That’s especially the case with screws with a cross-shaped drive. Most of those come with what’s called a “Phillips drive,” but some do not. For example, while a Philips drive and Pozidriv might seem similar to each other, they should each be used with drivers specifically designed for that drive.
Separate from that, you should also use a screwdriver that is not too small (or too large) for the screw you are trying to screw in and make sure that it is not too dull or sharp.
Also, while there is no such thing as a completely strip-proof screw, some screw head types (like hex and slotted) are better than others in avoiding stripping. Some screws are also of higher quality than others, and so – if you are the one buying the hardware – make sure not to go with the cheapest, lowest quality option.
2. Make Sure You Are Screwing Straight
Whether you are using a screwdriver or an impact driver, it is important that you hold it straight, in-line with the screw. The lower the quality of the tool and hardware you are using, the more important this becomes.
As such, every time before you press your impact driver’s trigger or turn the screwdriver, make sure that it is not at an angle. Make sure that it stays straight throughout the tightening process as well.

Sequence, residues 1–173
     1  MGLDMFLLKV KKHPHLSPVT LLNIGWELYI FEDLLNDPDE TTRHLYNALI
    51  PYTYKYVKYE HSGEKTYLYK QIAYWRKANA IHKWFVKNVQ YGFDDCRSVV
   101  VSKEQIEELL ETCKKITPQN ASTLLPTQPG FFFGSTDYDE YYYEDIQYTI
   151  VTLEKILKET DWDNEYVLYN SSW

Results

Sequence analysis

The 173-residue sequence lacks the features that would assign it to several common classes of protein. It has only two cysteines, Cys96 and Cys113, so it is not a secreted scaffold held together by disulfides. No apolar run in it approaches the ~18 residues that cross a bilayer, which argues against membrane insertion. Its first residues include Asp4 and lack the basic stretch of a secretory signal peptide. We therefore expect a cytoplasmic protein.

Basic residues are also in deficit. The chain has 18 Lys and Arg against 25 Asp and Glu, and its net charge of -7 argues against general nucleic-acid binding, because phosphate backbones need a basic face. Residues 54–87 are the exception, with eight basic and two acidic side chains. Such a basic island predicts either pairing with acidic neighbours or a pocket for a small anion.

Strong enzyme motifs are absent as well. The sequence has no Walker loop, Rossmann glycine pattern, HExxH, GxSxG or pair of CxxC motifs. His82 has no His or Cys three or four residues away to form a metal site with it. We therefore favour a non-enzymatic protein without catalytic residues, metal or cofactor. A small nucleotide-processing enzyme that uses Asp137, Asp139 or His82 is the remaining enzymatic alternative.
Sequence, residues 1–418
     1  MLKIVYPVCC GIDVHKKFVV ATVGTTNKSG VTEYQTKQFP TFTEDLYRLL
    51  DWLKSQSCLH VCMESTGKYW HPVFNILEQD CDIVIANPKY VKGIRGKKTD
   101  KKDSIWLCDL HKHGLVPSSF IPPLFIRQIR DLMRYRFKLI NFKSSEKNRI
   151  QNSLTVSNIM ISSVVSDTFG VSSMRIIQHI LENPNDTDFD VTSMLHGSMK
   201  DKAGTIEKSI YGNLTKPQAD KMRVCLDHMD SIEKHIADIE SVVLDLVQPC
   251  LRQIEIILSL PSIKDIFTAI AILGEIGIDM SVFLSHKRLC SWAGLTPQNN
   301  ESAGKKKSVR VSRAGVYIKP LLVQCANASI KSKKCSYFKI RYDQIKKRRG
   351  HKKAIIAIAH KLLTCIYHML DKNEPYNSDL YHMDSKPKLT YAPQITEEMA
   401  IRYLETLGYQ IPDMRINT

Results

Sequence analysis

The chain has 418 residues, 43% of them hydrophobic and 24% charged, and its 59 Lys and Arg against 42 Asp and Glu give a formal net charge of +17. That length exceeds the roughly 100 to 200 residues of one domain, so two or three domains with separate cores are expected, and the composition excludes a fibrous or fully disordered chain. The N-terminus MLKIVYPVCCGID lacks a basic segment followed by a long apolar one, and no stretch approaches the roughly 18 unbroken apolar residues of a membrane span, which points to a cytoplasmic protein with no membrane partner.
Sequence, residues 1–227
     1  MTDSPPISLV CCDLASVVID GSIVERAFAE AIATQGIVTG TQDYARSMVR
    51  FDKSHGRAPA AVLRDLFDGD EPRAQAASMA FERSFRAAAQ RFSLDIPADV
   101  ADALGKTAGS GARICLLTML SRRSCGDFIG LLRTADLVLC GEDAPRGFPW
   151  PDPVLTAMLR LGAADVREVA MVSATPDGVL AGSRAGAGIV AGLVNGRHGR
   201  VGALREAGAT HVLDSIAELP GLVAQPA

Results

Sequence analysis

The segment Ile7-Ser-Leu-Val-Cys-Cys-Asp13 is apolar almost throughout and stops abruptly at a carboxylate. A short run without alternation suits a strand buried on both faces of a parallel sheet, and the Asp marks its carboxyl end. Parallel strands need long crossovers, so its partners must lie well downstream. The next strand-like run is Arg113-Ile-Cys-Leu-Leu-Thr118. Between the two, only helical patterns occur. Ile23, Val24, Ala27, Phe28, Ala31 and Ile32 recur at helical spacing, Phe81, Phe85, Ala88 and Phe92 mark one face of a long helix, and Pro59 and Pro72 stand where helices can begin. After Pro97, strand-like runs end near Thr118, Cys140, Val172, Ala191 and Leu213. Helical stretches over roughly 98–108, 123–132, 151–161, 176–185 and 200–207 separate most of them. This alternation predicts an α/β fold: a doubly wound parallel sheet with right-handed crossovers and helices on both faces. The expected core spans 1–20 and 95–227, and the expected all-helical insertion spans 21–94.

3. Apply the Right Amount of Force
While it’s certainly possible to apply too much pressure on a screw with a manual screwdriver and strip a screw that way, it’s much more common when using an impact driver.
What I see happen the most often is that the person trying to screw puts the Phillips bit on the screw and – often without even confirming if the bit is in the screw or if the driver is straight – just hits the trigger. Or, more specifically, presses the trigger all the way down.
Don’t do that.
Instead, when using an impact driver, first make sure the screwdriver bit is in the right place and that it’s straight. Then, slowly start pressing the trigger and increasing the RPM. Depending on how powerful your driver is, chances are you will not have to press the trigger all the way down. You should be fairly easily able to tell whether you are going too fast – and starting to strip the screw – by the sound.